If the number of COVID cases continues to rise, the Anniston public school system is ready with a plan to teach kids either remotely or in a hybrid situation.
During an Anniston Board of Education work session Thursday night, school officials discussed the results of a questionnaire which asked parents a number of questions about alternatives to in-person learning.
According to Tiesha Rasheed, human resources and accounting coordinator for the school system, the majority of parents, 77 percent, want the school system to teach kids remotely while 66 percent favor a hybrid model schedule. The hybrid model — for 3rd- through 12th-grade students — was used in the spring semester and is a mix of in-person learning and remote learning. Students would be categorized in an “A” or “B” group and their in-person learning at the school would be on staggered days.
Rasheed said that the student body would be grouped based on their last name and the first group would attend school on Monday through Tuesday; on Wednesday the school would be cleaned, then the second group would attend school on Thursday and Friday.
Pre-K through 2nd grade would attend school the entire week, said Rasheed, because COVID cases have been in the upper grades.
“It's been hitting hard with the 4th, 5th and a lot of 6th-grader students,” said Rasheed.
According to the survey, 93 percent of parents have internet access to facilitate online learning and 92 percent of parents are prepared to ensure the distant learning process takes place with their children.
Anniston School Superintendent D. Ray Hill said that COVID-19 cases are still happening in the schools.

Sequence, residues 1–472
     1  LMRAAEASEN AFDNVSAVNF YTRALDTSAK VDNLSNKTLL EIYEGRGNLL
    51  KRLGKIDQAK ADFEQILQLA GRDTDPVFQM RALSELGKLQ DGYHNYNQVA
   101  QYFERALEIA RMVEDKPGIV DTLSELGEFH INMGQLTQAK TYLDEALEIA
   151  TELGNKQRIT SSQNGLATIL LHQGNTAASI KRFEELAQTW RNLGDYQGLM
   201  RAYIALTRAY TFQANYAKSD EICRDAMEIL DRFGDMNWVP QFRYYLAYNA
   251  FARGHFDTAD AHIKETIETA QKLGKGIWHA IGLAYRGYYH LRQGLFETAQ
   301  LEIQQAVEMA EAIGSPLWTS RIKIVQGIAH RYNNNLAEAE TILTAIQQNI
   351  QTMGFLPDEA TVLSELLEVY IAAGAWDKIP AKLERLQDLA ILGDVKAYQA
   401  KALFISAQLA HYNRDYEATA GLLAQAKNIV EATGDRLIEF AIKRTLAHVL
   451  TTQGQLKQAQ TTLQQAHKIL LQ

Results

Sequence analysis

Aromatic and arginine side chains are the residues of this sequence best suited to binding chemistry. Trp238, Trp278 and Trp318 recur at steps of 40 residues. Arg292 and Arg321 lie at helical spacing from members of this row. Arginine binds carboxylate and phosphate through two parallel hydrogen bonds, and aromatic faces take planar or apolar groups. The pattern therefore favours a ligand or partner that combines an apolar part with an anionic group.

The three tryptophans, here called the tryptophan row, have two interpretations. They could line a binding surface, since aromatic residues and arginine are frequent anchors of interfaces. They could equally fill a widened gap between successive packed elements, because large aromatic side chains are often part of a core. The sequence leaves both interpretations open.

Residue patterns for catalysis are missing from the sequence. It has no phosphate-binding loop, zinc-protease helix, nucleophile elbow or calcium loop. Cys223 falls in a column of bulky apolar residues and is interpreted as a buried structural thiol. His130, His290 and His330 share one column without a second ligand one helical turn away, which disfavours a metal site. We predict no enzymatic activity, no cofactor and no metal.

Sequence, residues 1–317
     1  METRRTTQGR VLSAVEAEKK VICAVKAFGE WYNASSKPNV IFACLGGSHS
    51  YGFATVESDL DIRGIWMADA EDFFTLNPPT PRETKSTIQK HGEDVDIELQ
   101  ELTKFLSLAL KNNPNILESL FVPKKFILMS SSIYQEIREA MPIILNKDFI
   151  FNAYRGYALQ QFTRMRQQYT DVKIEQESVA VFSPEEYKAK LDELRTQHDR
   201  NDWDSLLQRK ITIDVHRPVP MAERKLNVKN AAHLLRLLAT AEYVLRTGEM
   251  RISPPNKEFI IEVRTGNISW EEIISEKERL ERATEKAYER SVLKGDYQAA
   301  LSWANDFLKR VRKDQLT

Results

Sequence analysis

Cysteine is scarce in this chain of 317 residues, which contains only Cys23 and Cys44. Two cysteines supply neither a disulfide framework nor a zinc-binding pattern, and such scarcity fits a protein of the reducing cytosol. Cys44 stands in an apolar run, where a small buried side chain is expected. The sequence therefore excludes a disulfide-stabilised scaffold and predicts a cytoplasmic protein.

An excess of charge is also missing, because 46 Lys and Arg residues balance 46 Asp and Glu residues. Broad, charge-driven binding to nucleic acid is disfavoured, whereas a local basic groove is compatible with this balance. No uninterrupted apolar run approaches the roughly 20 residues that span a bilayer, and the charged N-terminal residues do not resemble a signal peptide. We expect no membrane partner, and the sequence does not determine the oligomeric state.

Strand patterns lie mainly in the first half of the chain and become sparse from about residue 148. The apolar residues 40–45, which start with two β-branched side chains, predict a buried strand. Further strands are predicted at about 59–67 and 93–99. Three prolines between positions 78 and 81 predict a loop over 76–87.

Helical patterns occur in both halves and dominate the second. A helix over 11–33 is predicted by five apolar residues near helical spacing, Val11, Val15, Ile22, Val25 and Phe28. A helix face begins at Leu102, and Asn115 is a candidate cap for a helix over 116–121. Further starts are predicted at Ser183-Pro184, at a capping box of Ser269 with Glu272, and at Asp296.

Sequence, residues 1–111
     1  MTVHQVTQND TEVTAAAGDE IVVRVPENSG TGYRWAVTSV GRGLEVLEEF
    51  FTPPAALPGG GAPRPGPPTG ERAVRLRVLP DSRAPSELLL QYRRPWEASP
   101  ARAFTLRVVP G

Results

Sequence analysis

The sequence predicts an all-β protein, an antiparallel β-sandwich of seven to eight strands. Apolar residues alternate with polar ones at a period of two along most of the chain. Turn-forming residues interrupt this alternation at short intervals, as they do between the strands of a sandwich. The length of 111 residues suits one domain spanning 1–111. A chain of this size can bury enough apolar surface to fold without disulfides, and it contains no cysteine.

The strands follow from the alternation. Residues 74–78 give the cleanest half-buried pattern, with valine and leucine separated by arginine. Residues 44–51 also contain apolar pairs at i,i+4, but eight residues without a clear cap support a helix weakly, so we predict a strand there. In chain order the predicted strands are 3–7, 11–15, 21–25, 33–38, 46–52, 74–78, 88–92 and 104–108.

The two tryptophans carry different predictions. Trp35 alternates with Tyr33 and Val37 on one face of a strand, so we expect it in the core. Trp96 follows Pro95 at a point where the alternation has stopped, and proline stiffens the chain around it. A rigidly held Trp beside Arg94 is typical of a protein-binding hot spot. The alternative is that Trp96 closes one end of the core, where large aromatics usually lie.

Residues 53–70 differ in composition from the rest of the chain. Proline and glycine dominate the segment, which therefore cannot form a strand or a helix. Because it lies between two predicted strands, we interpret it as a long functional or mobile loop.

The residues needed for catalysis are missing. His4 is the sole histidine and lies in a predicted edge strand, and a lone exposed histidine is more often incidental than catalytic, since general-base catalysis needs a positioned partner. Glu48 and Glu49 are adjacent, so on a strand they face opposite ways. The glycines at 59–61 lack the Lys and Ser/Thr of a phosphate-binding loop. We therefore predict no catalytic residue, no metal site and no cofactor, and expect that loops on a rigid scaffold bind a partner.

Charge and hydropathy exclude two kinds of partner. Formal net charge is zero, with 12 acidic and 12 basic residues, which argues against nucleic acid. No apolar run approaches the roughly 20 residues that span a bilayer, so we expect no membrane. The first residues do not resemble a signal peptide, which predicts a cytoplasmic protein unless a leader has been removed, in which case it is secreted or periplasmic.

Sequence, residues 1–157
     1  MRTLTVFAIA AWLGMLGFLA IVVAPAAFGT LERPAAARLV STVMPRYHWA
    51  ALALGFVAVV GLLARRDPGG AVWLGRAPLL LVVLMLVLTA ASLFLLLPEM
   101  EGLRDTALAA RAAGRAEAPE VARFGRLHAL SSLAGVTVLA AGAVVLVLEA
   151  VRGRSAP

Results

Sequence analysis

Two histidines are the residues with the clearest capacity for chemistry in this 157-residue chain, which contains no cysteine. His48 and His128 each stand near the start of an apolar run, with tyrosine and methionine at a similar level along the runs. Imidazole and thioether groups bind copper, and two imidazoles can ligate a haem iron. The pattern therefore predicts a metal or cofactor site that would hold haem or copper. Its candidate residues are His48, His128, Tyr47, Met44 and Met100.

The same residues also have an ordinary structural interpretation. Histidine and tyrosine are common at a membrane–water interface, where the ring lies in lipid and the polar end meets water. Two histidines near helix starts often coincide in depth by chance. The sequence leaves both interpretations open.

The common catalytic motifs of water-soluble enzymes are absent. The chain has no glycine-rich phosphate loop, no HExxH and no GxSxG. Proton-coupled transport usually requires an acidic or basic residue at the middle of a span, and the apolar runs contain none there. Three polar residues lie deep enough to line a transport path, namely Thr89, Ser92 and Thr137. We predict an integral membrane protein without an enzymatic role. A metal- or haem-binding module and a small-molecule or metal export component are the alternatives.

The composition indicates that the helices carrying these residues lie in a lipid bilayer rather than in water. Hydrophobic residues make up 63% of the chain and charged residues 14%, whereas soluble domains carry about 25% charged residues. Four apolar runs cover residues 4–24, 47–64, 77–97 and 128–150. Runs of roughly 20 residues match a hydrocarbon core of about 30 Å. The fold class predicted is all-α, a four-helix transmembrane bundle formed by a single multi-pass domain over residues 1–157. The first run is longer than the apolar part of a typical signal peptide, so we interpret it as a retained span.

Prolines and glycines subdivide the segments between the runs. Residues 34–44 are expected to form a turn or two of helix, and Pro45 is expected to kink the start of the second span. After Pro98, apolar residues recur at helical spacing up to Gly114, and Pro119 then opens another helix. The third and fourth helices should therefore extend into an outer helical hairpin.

“My concern right now is what’s going to be the after-effect of Labor Day,” Hill said.
From Aug. 9 — the first day of school — to Wednesday, Sept. 15, there has been a total of 93 positive COVID cases in the student population and 1,158 students have been quarantined. Thirteen school staff have tested positive and 12 school staff have been quarantined.
After the work session Hill was optimistic about the future but wanted everyone to be prepared if the COVID cases rise.
“The past couple of weeks haven't been too bad for us,” Hill said. A challenge to the school system, according to Hill, is finding substitute teachers when they are needed to step in.
When school started in August, if a student tested positive for COVID then the entire class was sent home to quarantine — a practice that Hill said was above and beyond CDC guidelines. Now if a student has been exposed to COVID at school, a letter is sent home informing the parents, who then have the option of letting their child stay home to quarantine or attend school.
Hill said that so far, no parents have kept their child home who may have been exposed to COVID.
During the formal meeting the board unanimously voted to approve a five-year capital plan of improvements which will be sent to the state.
Ken Goble, maintenance lead for the school system, said the state requires that a system have a five-year capital plan on projects that it plans to do.
“It doesn't mean you have to do it, you can take number one this year and move it to 21 next year if you wanted to. We try to prioritize what is the most needed is how we do it, we plan to do everyone of them,” said Goble.
Some of the projects include:
— New fire curtain for the auditorium at the high school
— Repaving parking lot at Anniston High School
— 110 HVAC units for the school district
— Interior and exterior LED lighting system for the school district
— Replacement visitor bleachers at the football stadium
— Roof work at Anniston High School
— Painting hallways at Golden Springs Elementary
— Exterior work at Anniston High School
— Lights for the high school baseball field
— Anniston Middle School gym floor renovations
— Kilby House renovations
— General upkeep and repair districtwide
— Repair the soffit at the Anniston Middle School